1) The first of these is the UKFPO Curriculum Delivery Group. This group has the authority to make change requests pertaining to “Core Content” for the Foundation ePortfolio.
For Terms of Reference for this group see the following document:
2) The second Group is the NHS ePortfolios Foundation Team Advisory Group (TAG). This group meets twice a year and should include representation from every UK Foundation School.
This group has the remit to make change requests that are not relevant to national core content and/or functionality. Each Foundation School/Deanery/LETB has one contact as follows:
Foundation School ePortfolio contacts:
|East Midlands||-details currently not supplied-|
|East of England||-details currently not supplied-|
|North West Thamesemail@example.com|
|North Central Thamesfirstname.lastname@example.org|
|North East Thamesemail@example.com|
|Northern Ireland||-details currently not supplied-|
|Wales||-details currently not supplied-|
|Yorkshire and Humberfirstname.lastname@example.org|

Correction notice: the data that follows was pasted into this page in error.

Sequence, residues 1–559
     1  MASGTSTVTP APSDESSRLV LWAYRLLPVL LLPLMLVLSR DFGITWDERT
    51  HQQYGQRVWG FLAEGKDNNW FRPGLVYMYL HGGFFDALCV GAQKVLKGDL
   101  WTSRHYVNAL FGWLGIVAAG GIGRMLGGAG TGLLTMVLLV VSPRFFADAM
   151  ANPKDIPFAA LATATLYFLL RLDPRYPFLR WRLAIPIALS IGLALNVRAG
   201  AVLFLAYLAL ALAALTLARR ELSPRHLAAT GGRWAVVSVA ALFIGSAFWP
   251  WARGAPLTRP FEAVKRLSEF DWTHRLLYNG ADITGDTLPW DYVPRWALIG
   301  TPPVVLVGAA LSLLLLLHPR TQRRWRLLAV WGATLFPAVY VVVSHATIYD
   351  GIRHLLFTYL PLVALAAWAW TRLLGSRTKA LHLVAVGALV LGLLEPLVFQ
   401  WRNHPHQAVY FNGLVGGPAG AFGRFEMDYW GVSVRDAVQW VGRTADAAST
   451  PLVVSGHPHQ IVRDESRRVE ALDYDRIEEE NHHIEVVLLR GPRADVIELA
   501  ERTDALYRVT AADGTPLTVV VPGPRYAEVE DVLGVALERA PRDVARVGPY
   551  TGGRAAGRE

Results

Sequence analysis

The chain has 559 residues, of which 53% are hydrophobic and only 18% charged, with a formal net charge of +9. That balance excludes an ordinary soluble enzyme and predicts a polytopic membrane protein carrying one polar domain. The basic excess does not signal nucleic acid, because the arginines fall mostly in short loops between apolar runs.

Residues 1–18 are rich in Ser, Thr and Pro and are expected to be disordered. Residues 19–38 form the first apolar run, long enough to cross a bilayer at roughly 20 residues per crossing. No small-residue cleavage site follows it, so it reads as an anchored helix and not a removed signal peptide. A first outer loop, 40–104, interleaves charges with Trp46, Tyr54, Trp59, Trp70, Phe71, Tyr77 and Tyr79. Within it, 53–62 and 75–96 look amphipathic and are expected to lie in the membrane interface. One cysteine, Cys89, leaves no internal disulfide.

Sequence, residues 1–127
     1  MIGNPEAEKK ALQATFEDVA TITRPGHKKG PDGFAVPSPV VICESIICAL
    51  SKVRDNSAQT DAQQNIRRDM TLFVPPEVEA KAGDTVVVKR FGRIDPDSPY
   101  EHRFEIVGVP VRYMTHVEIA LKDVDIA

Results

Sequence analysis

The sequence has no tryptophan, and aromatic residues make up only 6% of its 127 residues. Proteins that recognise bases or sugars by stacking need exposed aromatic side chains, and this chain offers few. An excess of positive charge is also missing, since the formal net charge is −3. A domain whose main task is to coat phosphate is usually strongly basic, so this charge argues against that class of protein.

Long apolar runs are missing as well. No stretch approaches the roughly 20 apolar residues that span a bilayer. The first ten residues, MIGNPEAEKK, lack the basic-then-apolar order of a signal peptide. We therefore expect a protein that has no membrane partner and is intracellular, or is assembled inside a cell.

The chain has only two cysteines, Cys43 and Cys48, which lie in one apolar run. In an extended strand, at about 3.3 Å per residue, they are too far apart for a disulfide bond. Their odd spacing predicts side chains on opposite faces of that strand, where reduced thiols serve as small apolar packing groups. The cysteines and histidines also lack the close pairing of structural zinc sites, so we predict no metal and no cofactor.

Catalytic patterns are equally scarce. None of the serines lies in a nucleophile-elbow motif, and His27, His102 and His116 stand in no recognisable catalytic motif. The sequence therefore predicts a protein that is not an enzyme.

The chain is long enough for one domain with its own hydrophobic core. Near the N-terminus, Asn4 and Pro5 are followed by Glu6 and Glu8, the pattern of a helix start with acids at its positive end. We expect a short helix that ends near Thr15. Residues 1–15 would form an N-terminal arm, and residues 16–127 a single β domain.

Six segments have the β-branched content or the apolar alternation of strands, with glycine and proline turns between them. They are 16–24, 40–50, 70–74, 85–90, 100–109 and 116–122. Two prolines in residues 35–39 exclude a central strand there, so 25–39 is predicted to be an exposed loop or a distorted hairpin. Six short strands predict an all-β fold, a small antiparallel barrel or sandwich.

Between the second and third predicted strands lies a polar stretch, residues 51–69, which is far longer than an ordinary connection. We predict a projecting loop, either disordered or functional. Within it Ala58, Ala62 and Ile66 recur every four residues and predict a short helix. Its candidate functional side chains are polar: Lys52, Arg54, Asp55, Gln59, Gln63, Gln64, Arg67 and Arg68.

Where the contact is noted as “details currently not supplied” this means that the NHS ePortfolios team has not been supplied the details of the nominated contact for change requests for that area. We suggest you contact the organisation directly.
Any suggestions that you have for changes to the content or functionality should be directed to these two bodies. As the Foundation schools feed into both these bodies, contacting them is generally the best place to start.
We’d like to make you aware of a change to the Summary Report which is in plan for the next few weeks.
|In a nutshell: You will now get a choice of which Form Group(s) you want to report totals for, rather than reporting against fixed pre-determined Form Categories as at present, improving the detail and flexibility of the report.
Other than this, please note that the report will retain the same functionality and you will still be able to achieve the same results as you currently do with the report.